As of January 1, 2019, thousands of hospitals in the U.S. are being required to post an online list of the cost of their services due to a new requirement by the Centers for Medicare & Medicaid Services (CMS). However, amid growing confusion about which fields are required or what format the list of standard services needs to be in, many health systems feel this new law will only create confusion among patients. One health system described the new requirements as, “It would be like walking into a car dealership looking at a new car, asking the salesman how much the car was going to cost and having them hand you the parts catalog. Obviously, when you have the parts catalog, you don’t know what parts are in your car or which ones you’re going to use or how much labor is going to go into making the car.”
While posting the list of prices is required by CMS, some health systems have invested in the needed technology to make it easy for patients to shop online for care. For example, in an interview with Modern Healthcare, El Camino Hospital explains they “launched a consumer self-service tool in May 2017, after about a year of development work with Experian Health. Since then, more than 3,000 people have visited the hospital’s website, selected one or more of about 90 medical or surgical services they were interested in, entered their insurance information, and received an instant out-of-pocket cost estimate the hospital claims is 95% to 99% accurate.”
Health systems like El Camino Hospital know that patients want to avoid costly surprises, and they should be able to understand their financial obligations upfront, including deductibles and copays. In fact, McKinsey research found nearly three-quarters of participants were worried about healthcare expenditures.
The new CMS requirement is only one of a few initiatives in the works from a legislative standpoint. In an effort to help patients, some members of Congress are trying to bring attention to the topic. A bipartisan group of U.S. senators in 2018 wrote a letter to healthcare stakeholders and experts requesting information in an effort to learn more about price transparency as they considered possible legislation on the matter.
Also in the letter, the senators cited the lack of state laws and regulations requiring healthcare providers to make that information available to patients.
More than 40 states were cited by the Catalyst for Payment Reform and the Health Care Incentives Improvement Initiative in 2016 because they were deficient in healthcare transparency legislation. And that same report found that some patients were paying thousands of dollars more than others for the same procedures, depending which healthcare provider they used.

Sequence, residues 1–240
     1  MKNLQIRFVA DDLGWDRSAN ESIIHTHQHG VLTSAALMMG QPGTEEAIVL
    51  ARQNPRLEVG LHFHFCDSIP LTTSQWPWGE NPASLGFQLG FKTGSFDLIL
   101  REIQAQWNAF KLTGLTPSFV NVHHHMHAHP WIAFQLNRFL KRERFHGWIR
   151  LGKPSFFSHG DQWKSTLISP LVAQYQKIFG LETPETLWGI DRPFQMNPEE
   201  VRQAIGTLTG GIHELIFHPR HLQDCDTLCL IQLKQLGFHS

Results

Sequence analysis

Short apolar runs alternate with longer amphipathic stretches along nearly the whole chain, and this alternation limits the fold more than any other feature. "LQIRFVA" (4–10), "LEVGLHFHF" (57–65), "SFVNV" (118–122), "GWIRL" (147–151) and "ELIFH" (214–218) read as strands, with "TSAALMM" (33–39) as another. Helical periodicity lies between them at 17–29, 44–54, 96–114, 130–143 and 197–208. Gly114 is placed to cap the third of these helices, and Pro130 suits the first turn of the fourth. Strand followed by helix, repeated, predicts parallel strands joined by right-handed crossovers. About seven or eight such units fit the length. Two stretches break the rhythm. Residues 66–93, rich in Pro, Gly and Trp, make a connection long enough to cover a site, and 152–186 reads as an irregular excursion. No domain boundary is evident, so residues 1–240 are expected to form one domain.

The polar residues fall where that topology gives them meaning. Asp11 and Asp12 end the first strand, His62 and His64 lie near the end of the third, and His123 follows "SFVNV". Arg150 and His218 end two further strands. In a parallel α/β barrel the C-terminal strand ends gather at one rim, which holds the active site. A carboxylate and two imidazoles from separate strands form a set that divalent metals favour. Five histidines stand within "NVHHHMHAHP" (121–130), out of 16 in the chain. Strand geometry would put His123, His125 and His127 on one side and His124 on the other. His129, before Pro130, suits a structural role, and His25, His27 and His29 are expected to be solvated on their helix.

Alleviating patient stress
Transparency in billing creates more satisfied patients because they know how much they will be paying for services, which makes it easier for them to budget. Going to the hospital is usually a stressful time for patients and their families. An easy way for healthcare providers to alleviate that stress is to help patients understand their costs upfront
Most healthcare organizations already have the basic data they need to use automated technology to construct estimates for basic services, including claims data, real-time eligibility and benefits information, payer contracts and charge description master (CDM) information. Experian Health has the technology to help healthcare organizations convert this information into patient costs through Patient Estimates. This kind of transparency provides several benefits to both providers and patients.
Online estimates published on healthcare provider websites give patients access to the information any time, including late at night and on weekends. And these estimates can be obtained confidentially, so patients who may be uncomfortable asking about certain procedures can find that information on their own. And that helps them be more relaxed about making appointments and scheduling treatments because they have confidence they won’t face billing surprises.
This feel-better result of having prices at their fingertips has a clear benefit for the healthcare providers as well. Patients are able to plan and pay for services, decreasing unpaid balances for hospitals and other healthcare providers.
Ability to budget for healthcare costs
Patients who know what to expect can budget wisely and actively take charge of their healthcare bills. They go in with their eyes open, which leads to improved revenue cycle management. In the end, both the patient and the hospital get what they want.
With Congress and state legislatures looking at transparency in healthcare, providers can expect to see more of these rules. Healthcare organizations can get ahead of them with software like Experian Health’s Patient Estimates.
Healthcare consumers don’t like surprises in their billing. Price transparency gives them the information and peace of mind they need to secure healthcare services and be assured that they know what they will be paying for them.
Learn more about how Experian Health can help you achieve price transparency for your patients.